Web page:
On Monday, Michiko returned from Cleveland in a foul mood. She called Francesco's studio at three in the afternoon.
—I was hoping this was you, said Francesco, putting his brushes on the work table. How did your concerts go?
—I hate that guy.
—The conductor, the Russian martinet.
—He would call me into his studio and then lecture me on Beethoven: tempo, dynamics, fingerings … he put me down on everything. He even wanted me to re-finger the concertos. He treated me like a six-year-old. He was convinced a Japanese woman couldn't properly interpret Beethoven. Fortunately, he didn't pull that in front of the orchestra. The orchestra was fantastic, but that bastard made life miserable for everyone.
Francesco was taken aback. Michiko rarely used hot language or had trouble with conductors or other musicians. They were usually honored to have her as a guest artist. She raised everyone's standards by her superb musicianship.
—Well, said Francesco, I gather the concerts didn't go well.
—Oh, they were excellent, but that fascist bastard kept asking me into his studio and telling me things like: “in measure so- and-so you should have used your second finger on the e-flat. Your fingering just didn't bring out the correct interpretation of the phrase. It's crucial to Beethoven's phrasing.” Oohhh! I could kill that pig of a man. He was trying to break my confidence. And his breath and body oder was pestiferous.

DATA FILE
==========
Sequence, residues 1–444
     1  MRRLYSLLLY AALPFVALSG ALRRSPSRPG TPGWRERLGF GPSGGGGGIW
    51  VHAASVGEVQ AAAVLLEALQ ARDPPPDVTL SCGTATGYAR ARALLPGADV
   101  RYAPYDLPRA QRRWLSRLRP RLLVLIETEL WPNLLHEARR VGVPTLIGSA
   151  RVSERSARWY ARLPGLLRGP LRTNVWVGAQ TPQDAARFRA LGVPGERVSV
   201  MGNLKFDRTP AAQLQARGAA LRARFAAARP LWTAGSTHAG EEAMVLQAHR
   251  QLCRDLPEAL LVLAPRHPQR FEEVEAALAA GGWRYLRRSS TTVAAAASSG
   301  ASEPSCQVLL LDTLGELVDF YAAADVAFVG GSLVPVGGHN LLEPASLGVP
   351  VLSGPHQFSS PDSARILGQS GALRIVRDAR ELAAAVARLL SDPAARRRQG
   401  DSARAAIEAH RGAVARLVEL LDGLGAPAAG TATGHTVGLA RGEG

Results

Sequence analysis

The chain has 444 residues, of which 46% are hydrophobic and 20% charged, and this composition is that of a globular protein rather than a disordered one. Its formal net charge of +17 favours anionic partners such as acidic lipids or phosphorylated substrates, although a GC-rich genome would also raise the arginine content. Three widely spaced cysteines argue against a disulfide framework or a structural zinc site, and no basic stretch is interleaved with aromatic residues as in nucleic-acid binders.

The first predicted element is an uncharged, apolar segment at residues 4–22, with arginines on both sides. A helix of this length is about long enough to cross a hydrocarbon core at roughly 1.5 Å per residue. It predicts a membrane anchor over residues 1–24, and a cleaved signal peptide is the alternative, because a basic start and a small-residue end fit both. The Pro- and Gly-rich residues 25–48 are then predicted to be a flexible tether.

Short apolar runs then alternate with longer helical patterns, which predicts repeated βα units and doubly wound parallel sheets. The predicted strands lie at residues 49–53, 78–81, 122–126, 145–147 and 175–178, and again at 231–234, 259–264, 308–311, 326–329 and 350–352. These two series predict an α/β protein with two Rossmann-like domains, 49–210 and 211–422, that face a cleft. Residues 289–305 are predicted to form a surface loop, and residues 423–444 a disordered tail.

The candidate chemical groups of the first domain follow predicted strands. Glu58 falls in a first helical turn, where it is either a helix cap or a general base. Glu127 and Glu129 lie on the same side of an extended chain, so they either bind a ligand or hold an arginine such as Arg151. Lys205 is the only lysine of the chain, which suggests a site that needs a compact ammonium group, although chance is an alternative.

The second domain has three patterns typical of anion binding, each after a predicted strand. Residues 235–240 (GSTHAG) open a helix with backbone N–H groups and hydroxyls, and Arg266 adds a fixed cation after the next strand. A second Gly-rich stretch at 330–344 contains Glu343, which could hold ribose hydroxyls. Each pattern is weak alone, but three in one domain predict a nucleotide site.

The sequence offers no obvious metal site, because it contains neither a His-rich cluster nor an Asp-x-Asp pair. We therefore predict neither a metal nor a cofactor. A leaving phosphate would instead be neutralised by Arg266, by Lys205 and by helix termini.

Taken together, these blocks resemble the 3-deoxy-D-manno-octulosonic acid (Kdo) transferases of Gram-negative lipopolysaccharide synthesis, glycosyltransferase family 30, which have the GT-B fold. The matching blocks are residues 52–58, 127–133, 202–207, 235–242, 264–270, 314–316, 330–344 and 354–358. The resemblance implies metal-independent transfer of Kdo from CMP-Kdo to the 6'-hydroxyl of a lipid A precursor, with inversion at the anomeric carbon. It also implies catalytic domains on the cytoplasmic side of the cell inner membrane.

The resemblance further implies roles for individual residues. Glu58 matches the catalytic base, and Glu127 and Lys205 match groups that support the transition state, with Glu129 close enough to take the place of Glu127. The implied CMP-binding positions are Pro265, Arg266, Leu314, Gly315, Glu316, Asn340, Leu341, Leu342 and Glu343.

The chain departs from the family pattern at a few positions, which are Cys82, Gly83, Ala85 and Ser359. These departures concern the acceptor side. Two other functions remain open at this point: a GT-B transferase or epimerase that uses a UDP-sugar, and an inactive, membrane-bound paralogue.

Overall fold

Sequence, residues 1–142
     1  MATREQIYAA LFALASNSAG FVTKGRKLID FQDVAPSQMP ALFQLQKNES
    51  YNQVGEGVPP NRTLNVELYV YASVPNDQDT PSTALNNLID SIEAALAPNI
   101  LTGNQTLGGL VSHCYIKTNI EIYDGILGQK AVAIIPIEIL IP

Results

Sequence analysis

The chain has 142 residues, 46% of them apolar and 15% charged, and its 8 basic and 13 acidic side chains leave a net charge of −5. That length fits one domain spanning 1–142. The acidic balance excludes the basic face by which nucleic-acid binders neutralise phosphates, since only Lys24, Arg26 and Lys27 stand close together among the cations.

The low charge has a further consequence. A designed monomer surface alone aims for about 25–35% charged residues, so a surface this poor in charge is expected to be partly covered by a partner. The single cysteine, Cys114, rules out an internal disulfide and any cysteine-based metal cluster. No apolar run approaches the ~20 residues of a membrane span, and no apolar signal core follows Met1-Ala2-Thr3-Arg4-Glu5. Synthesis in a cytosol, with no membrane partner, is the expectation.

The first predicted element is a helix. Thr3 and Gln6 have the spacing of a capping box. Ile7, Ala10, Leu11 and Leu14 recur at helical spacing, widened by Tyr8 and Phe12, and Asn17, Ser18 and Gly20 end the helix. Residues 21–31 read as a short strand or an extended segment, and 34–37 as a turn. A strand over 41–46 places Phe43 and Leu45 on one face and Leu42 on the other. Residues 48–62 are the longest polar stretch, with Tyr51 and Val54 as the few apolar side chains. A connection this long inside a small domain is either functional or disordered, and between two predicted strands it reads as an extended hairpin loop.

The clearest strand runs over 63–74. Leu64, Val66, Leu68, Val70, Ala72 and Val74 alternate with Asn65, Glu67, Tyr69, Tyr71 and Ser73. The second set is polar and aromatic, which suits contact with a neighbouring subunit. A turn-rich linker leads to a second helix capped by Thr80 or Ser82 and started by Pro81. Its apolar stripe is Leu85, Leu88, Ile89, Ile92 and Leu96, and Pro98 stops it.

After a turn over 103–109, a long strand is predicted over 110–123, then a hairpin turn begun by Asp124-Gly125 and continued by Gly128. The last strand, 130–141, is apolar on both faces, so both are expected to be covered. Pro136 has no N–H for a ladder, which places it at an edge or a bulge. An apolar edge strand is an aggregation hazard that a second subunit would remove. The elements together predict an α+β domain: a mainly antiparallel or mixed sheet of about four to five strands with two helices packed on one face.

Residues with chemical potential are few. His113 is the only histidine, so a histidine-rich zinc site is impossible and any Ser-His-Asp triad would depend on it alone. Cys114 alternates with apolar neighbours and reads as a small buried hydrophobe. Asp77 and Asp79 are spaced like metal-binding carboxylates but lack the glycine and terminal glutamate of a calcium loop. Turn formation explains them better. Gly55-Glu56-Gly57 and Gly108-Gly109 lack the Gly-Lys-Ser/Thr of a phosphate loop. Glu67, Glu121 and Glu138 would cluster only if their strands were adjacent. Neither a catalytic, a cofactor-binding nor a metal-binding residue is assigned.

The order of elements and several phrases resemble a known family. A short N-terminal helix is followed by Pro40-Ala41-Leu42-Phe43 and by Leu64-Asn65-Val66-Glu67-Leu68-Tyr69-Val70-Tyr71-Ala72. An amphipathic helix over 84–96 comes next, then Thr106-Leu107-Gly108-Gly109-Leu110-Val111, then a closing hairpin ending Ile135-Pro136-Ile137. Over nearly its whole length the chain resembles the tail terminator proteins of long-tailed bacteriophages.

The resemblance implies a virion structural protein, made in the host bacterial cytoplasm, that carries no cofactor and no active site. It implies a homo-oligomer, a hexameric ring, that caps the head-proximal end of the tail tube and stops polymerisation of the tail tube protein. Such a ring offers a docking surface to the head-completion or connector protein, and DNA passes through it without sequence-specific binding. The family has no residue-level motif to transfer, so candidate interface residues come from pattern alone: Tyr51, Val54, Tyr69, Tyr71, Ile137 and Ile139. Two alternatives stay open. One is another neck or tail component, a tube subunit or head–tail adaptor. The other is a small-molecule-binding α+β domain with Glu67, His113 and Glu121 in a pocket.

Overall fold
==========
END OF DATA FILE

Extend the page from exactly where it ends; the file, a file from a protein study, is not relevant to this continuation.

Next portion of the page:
It would be a tough night at home, thought Frank.
—Should I call it a day here at the studio and come home?
—No. I need to vent. I'm going to see Ivanovna.
Her teacher was Nataliya Ivanovna, a woman in her late eighties and doyen to the world's top virtuoso pianists.
—Do you want to eat dinner together later? Frank asked.
—No. Stay at your studio. I'm not fit to be around.
—Are you sure?
—Francesco. Don't argue with me. I'm up to here with men telling me what to do.
—Okay, sweetheart. Call me tomorrow if you want to see me.
—Like I'm to blame, said Francesco to the dead line.
Francesco tried to return to the painting on his easel, but he couldn't concentrate. He had never heard Michiko so upset. It rattled him. He was no musician, but when she played the final run-through for Ivanovna before the Cleveland trip, it was stirring. What happened? Jesus, he thought, if critics were critical of every brushstroke, he'd never be able to finish a painting. He began to clean his brushes and clean up the work area when the telephone rang.
—Francesco, Angelique calling.
—Oh, Angelique! Any good news?
—Francesco, you sound upset.
—Well, Michiko just returned from playing with the Cleveland Orchestra for a week and is on the war path. Apparently she had some issues with a Russian conductor. She is beside herself with rage. I'm hiding out in my studio.
—Sorry about that, but I have news for you. Friday night, I spoke with the Whipples and the Tillinghasts. Both the Whipples and the Tillinghasts paid $11,000 for your paintings. Elaine brokered the sale of a Matisse to the Whipples, which explains the $149,000.
—That makes sense. Which Matisse? Did they say?